When I started my first internship, back in Sweden in 1979, I worked under a fifty-something cardiologist who spoke slowly with a southern drawl — yes, there is a southern drawl there, too, slightly reminiscent of Danish, spoken not far from where my supervisor grew up.
He epitomized the old school of cardiology, before it became a procedural specialty. He diagnosed heart murmurs by auscultation with his stethoscope, and he even claimed he could hear faint cardiac rubs or pulmonary rales in patients who were having a heart attack. He seemed to share the temperament of neurologists — slow and methodical master diagnosticians with, very much then and to a degree also today, limited or no treatment for a substantial portion of the diseases they diagnose.
In 1979, color Doppler echocardiography was not yet invented, and coronary angiography was not available where I worked. Cardiology was a purely cognitive specialty. The most important condition cardiologists treated, angina pectoris, was diagnosed on the basis of history, physical exam and at most a stress EKG.
Over just two decades, cardiology became a procedural specialty, and the diagnosis and management of angina became high tech with nuclear imaging, coronary angiography, cardiac stenting and bypass surgery. The view of angina became focused on stentable, “critical” lesions.
But people still died from heart attacks, even with only minor blockages on angiography and normal nuclear stress tests. And patients with classic angina symptoms were told they had non-cardiac chest pain if their stress EKG was abnormal but their nuclear scan was normal, or if the EKG and scan were abnormal, but the angiogram showed no critical stenosis. For over 100 years, the term “pseudoangina” was used to characterize this syndrome.
Every few years I would ask whichever consulting cardiologist seemed the most approachable, and every time I would get essentially the same answer: Angiogram trumps MIBI, MIBI trumps EKG, EKG trumps clinical history, kind of like the old rock-paper-scissors game.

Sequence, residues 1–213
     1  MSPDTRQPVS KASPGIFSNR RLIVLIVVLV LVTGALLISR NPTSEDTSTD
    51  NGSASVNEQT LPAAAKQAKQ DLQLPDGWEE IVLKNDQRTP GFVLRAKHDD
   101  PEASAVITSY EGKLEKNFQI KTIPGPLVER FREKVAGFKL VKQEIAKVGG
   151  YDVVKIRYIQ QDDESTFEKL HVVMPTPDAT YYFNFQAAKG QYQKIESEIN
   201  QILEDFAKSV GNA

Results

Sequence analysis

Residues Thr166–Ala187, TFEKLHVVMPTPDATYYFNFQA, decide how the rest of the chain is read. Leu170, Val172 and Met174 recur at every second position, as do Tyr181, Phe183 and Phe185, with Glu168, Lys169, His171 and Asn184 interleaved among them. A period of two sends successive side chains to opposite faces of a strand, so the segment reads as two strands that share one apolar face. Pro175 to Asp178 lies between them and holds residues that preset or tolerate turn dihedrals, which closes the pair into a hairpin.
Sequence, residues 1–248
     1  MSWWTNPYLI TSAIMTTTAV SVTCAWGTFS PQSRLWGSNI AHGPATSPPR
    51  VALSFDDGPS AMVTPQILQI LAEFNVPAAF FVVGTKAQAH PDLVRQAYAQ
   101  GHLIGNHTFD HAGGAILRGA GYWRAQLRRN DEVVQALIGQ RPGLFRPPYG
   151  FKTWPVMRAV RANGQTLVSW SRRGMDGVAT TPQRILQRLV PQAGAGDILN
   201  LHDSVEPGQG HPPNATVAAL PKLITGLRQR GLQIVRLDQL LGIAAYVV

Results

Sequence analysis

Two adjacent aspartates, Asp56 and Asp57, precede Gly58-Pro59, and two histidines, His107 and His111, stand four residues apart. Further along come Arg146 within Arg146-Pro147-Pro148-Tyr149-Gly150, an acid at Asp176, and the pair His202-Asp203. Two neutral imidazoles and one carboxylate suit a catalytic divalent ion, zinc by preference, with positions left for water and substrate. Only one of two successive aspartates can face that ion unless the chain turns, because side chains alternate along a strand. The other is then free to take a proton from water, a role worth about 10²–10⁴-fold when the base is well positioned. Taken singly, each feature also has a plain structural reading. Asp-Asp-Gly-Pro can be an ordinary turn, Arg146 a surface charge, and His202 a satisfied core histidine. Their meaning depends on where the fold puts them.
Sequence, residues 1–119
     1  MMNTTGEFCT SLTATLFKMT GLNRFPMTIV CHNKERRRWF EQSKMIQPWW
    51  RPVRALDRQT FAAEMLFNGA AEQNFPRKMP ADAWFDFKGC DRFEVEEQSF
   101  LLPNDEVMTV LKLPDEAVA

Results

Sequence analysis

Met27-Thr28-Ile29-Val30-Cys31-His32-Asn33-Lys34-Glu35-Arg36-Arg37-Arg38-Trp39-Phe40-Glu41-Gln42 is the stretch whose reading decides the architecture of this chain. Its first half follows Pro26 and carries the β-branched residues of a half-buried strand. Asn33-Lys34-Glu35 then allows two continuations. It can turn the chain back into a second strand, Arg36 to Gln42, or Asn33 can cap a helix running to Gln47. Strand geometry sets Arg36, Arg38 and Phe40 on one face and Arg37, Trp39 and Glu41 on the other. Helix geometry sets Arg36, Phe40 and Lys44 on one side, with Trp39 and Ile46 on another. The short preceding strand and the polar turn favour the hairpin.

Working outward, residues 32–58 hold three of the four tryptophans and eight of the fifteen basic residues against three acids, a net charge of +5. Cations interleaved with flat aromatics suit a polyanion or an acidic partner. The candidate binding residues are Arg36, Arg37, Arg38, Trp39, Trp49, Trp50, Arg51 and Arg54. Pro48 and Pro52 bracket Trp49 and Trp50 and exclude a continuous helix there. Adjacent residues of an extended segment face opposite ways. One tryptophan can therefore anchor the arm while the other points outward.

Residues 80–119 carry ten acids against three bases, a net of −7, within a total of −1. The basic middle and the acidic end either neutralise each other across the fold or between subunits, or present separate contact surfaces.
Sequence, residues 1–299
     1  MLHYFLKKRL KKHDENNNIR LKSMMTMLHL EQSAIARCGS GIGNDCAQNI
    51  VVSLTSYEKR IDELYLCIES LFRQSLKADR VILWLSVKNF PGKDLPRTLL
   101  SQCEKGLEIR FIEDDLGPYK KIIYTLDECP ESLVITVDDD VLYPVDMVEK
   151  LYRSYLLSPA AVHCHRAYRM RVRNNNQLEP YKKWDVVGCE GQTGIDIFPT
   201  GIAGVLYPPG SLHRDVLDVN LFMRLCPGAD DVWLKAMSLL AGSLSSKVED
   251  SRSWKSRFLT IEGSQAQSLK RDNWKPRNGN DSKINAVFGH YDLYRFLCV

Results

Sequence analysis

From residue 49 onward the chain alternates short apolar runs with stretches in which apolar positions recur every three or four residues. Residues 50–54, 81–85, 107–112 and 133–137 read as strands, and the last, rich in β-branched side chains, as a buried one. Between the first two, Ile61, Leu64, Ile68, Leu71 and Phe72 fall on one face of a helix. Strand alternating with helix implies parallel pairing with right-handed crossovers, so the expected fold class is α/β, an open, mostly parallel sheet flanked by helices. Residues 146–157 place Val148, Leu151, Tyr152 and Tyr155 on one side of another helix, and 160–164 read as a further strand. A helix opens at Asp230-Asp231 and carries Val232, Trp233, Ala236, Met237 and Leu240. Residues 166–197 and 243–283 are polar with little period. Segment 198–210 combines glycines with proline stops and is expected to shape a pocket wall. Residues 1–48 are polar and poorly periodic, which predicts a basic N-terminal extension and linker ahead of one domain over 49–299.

Ironically, in 1973, the year before I started medical school, Harvey Kemp coined the term “cardiac syndrome X” for effort angina with normal coronary arteries. We now have some understanding of the mechanisms behind this condition, and this has led to some techniques for proving and studying it, but the diagnosis is largely clinical. We essentially don’t do coronary angiography with injection of adenosine or acetylcholine, measurements of coronary flow reserve, single photon emission computed tomography, positron emission testing or stress cardiac magnetic resonance imaging, at least not at Cityside Hospital. One thing we have learned is that this condition does progress relentlessly in 20 to 30 percent of cases and causes heart attacks and death in some patients, even though this was initially thought to be very rare.
The most dramatic development in cardiology in the last twenty years is probably our understanding that rupture of non-critical cholesterol plaque, small enough to go undetected during routine EKG or nuclear stress testing, accounts for somewhere around 85 percent of all heart attacks.
So much for all the angiograms, elective stents and bypasses cardiologists have been doing. In acute coronary syndrome, which is unstable angina or a heart attack without classic EKG changes of a completed heart attack, there is still an important role for urgent cardiac catheterization, but its role in stable angina or asymptomatic coronary stenosis is debatable at best.
So, now cardiologists are having to reconcile that their angiograms are a most imperfect predictor of disability and death, their stents don’t save lives except in acute coronary syndrome, and more and more of their patients will be plodding along with medical management of coronary disease that doesn’t show up on angiograms. They may find themselves tinkering with medical management of an incompletely understood syndrome, choosing drugs and dosages based on — gasp — patients’ subjective histories and clinical experience.
The pendulum is swinging back; a circle seems to be completed. Will cardiologists become slow and methodical internists again?
“A Country Doctor” is a family physician who blogs at A Country Doctor Writes:.
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